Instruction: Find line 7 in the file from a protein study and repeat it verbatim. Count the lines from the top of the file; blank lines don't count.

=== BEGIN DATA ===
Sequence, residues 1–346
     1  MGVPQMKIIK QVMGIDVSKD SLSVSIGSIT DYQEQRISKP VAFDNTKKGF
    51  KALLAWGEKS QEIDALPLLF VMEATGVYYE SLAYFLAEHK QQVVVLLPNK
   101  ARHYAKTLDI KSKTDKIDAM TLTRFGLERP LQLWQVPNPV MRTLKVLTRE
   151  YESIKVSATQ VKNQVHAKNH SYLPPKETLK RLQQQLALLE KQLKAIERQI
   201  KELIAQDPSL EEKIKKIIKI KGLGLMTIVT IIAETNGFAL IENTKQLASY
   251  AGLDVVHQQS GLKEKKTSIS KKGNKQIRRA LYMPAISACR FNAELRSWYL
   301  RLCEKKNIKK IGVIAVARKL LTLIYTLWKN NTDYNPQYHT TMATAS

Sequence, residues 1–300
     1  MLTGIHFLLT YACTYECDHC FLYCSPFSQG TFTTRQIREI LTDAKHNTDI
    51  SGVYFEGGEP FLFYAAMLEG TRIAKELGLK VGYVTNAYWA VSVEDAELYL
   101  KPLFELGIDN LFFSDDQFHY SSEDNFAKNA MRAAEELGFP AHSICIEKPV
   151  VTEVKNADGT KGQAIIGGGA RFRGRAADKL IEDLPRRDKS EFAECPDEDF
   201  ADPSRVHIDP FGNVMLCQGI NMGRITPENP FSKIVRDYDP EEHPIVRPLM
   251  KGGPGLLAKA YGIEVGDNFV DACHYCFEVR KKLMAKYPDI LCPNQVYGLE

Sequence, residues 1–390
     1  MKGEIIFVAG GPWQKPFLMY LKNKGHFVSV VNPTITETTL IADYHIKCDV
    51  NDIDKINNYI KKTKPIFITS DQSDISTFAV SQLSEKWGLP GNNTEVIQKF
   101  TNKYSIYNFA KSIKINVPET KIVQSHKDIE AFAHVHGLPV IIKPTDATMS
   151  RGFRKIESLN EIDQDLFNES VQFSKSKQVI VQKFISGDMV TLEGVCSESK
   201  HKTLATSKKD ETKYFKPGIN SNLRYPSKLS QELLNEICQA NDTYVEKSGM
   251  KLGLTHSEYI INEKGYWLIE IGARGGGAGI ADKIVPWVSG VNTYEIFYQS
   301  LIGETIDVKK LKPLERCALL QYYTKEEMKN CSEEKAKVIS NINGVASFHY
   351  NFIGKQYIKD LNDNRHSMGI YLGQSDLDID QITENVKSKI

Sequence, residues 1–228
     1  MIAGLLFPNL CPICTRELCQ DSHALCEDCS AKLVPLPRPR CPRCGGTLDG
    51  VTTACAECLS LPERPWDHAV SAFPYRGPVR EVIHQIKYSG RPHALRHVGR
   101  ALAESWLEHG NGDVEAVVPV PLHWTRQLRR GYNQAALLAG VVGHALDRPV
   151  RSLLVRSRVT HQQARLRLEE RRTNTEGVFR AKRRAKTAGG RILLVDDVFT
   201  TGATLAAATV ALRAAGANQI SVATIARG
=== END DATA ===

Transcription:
   251  AGLDVVHQQS GLKEKKTSIS KKGNKQIRRA LYMPAISACR FNAELRSWYL